July 29 (UPI) -- North Korea state media says the regime has excavated remains dating from the Paleolithic period near the Yesong river in North Hwanghae Province.
Pyongyang's state-controlled news agency KCNA reported Monday a team of researchers of the history department at Kim Il Sung University unearthed the remains.
"Using past experience of excavating natural caves as a foundation, the researchers of Kim Il Sung University's history department intensified research to produce scientific explanations for the remains. The preserved remains have been recorded," KCNA said.
State media also said the findings mark the first time North Korean researchers have unearthed remains at the Yesong river.
The North Koreans found "five stone tools of three different types, three tools made of animal bones and 15 kinds of 732 mammal fossils," according to the state news agency.
The fossils include those of field mice, weasels, deer and bear. The remains are evidence the area was "lush grasslands, hills and wetlands" during the prehistoric era, KCNA said.
"The new excavations confirm our ancestors have been living in a broader area that includes the Yesong river basin," KCNA said.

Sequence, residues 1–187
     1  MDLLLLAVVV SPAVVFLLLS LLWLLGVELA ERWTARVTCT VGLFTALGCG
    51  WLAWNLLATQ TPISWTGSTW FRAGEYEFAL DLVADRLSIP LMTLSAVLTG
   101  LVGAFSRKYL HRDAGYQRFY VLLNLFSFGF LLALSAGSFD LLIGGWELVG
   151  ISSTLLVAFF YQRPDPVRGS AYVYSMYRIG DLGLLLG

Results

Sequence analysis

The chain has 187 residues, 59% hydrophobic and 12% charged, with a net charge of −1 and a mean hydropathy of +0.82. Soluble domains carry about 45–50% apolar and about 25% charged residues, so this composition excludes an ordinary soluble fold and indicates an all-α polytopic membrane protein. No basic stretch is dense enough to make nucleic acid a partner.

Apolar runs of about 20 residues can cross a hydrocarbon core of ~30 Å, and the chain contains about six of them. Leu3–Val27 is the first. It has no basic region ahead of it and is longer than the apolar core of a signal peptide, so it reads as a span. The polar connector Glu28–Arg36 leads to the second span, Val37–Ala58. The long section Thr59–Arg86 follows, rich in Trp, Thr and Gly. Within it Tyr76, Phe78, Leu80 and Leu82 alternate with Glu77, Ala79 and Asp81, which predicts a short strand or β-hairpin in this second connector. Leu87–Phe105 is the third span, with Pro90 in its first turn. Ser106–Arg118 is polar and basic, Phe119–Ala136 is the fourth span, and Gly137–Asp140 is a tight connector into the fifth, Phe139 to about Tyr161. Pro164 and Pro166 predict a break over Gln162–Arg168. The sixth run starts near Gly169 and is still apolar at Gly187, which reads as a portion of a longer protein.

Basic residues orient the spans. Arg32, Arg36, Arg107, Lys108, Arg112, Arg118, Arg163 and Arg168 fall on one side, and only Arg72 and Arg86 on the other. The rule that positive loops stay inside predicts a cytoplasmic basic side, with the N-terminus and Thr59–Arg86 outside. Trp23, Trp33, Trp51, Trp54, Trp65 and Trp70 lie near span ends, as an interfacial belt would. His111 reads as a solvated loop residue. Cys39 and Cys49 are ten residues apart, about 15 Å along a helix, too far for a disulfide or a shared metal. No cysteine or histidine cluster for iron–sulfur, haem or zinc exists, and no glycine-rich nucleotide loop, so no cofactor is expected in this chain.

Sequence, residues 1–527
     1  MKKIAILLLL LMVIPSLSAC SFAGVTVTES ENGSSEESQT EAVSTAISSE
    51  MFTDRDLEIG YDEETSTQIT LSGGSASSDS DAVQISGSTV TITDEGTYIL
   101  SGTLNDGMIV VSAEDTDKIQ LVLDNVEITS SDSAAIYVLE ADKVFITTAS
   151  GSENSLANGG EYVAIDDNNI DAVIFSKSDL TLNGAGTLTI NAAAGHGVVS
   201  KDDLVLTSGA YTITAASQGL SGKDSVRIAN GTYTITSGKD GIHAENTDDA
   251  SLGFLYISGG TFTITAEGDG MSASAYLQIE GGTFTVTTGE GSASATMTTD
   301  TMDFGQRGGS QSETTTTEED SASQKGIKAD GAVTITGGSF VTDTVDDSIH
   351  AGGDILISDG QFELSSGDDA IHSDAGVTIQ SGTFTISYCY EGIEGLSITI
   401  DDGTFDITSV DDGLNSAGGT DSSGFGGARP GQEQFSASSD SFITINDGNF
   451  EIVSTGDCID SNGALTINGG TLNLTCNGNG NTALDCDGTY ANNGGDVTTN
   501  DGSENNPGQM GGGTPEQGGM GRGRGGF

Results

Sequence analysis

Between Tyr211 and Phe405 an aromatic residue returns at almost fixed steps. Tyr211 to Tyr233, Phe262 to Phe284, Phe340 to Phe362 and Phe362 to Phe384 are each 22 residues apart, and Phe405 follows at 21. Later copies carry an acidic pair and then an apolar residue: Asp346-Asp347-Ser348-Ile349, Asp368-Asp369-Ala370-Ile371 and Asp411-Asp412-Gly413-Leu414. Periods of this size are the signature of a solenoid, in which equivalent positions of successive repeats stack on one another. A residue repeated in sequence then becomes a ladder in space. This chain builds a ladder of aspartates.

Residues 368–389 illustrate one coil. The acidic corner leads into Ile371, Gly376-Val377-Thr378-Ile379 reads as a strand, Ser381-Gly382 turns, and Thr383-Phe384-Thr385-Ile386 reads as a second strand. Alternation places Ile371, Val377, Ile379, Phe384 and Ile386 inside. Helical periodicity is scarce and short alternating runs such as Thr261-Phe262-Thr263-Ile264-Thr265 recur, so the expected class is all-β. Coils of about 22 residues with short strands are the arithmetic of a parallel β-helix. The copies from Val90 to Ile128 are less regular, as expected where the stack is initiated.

The report comes about two weeks after North Korea said a team of archaeologists excavated "hunting grounds" in Sinpung-ri, Sukchon County, South Pyongan Province that dated between 15,000 and 50,000 years.
North Korea has previously invited the South for joint excavations in the country, but the regime has yet to increase engagement despite a recent summit at the border involving Kim Jong Un, U.S. President Donald Trump and South Korean President Moon Jae-in.
The two Koreas previously joined forces to excavate ancient artifacts dating from the medieval Goryeo Dynasty.
News 1 reported Monday South Korean archaeologists have excavated Goryeo-era artifacts in Inje county, in the South.
More than 100 relics have been found at a site believed to have been the target of external invasions from Mongolia and Japan, the report said.